Approximately 40% of the world’s energy budget is consumed in the generation of electricity. This is by far the largest use of primary energy across major energy-consuming sectors (transportation, industry, etc.). What role ammonia will play in the electricity sector is therefore a question of considerable importance for the sustainable energy system of the future. One concept currently on the table is power-to-ammonia as a means of electricity storage, whereby electricity is used to produce hydrogen and the hydrogen is reacted with nitrogen to produce ammonia. The other, mirror-image, concept is to use ammonia, or hydrogen derived from ammonia, as a fuel that can be turned into electricity.
This “back-end” use case is the focus of recent announcements from Mitsubishi Hitachi Power Systems (MHPS). According to an April 5 story in the Nikkei Sangyo, MHPS plans to put a “hydrogen-dedicated gas turbine . . . into practical use by 2030.” The company also stated that it has “started developing technology to extract hydrogen from ammonia,” citing ammonia’s ease “to store and transport.”
In the last 12 months ...
The extensive Power-to-Ammonia feasibility study demonstrated that ammonia energy could be economically viable in different business cases. The report was a collaborative effort by large European corporations - power companies, electricity distributors, chemical producers, engineering firms - and it has already resulted in plans for one 440 MW power plant to be converted to carbon-free fuel by 2023.
A new collaboration was announced last week, between Dutch power company Nuon, European natural gas pipeline operator Gasunie, and Norwegian oil major Statoil. The joint venture will look at converting one of the Magnum power plant's three 440 MW gasifiers, with hopes to have it running on hydrogen fuel by 2023.
This is the continuation of the Power to Ammonia project and, although ammonia is not expected to be used in this particular stage of the project, converting Magnum to hydrogen fuel represents the "intermediate step" to demonstrate that "where hydrogen could be produced using natural gas by 2023, from the year 2030 it could be possible to produce it with sustainably produced ammonia ... Ammonia then effectively serves as a storage medium for hydrogen, making Magnum a super battery."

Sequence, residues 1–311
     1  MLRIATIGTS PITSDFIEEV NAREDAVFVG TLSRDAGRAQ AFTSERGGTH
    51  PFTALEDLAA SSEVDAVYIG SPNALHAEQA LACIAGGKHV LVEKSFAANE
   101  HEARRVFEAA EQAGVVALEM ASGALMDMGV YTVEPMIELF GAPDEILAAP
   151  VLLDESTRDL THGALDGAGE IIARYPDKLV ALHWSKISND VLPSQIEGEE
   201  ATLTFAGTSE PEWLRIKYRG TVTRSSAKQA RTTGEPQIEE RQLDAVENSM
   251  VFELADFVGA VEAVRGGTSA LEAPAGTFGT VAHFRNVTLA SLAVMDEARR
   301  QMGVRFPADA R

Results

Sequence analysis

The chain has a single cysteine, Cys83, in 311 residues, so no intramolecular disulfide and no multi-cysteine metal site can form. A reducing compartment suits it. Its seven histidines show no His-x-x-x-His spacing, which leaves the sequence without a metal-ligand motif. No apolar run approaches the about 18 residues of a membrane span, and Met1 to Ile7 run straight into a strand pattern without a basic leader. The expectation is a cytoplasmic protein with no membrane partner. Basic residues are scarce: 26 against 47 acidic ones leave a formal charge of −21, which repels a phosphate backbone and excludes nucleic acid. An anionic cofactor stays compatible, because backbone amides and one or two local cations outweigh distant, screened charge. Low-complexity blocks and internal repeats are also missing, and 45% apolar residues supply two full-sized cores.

The Institute for Sustainable Process Technology recently published a feasibility study, Power to Ammonia, looking at the possibility of producing and using ammonia in the renewable power sector. This project is based in The Netherlands and is led by a powerful industrial consortium.
I wrote about the feasibility study last month, but it deserves closer attention because it examines three entirely separate business cases for integrating ammonia into a renewable energy economy, centered on three site-specific participants in the study: Nuon at Eemshaven, Stedin at Goeree-Overflakkee, and OCI Nitrogen at Geleen.
Over the next few years, the group intends to build pilot projects to develop and demonstrate the necessary technologies. Next month, however, these projects will be an important part of the Power-to-Ammonia Conference, in Rotterdam on May 18-19.
This article is the first in a series of three that aims to introduce each business case.
The Institute for Sustainable Process Technology has just published a feasibility study that represents a major step toward commercializing renewable ammonia.
It examines the "value chains and business cases to produce CO2-free ammonia," analysing the potential for commercial deployment at three companies with existing sites in The Netherlands: Nuon at Eemshaven, Stedin at Goeree-Overflakkee, and OCI Nitrogen at Geleen. The project is called Power to Ammonia.
Proton Ventures announced today that the “1st European Conference on Sustainable Ammonia Solutions” will take place on the 18th and 19th of May. The conference will be held at the RDM Congrescentrum in Rotterdam in the Netherlands.
On December 14, the journal Energy & Environmental Science published an article on a new technology, “Efficient electricity storage with a battolyser, an integrated Ni–Fe battery and electrolyser.” The lead author is Fokko Mulder, Professor of Materials for Energy Conversion & Storage at the Delft University of Technology (TU Delft) in the Netherlands.
The system developed by Mulder and his collaborators accepts electricity from an external source and stores it in the conventional manner of all batteries. The twist is that when the battery is fully charged, any additional incoming electricity is used to generate hydrogen and oxygen via electrolysis. The technology may prove to be a valuable element in a grid-scale ammonia-based energy system.
An article in the latest issue of Dutch-language magazine NPT Proces Technologie provides a detailed update on the Nuon project, about which we wrote a few months ago. Nuon's Power-to-Ammonia project looks at grid-scale storage of "seasonal surplus" electricity from wind and solar in the form of ammonia.
Proton Ventures, the originators of the Power-to-Ammonia concept in The Netherlands, have also been sharing details of the project in recent conference presentations - and announced that they will be hosting the first European ammonia fuel conference, in Rotterdam, in May 2017.
In March 2016 the Dutch utility Nuon announced that it will study the possibility of storing "seasonal surplus" electricity from wind and solar in the form of ammonia. The study by Nuon and Delft University of Technology (TU Delft) is part of the project "Power to Ammonia." The study will be conducted at Nuon's Magnum power station.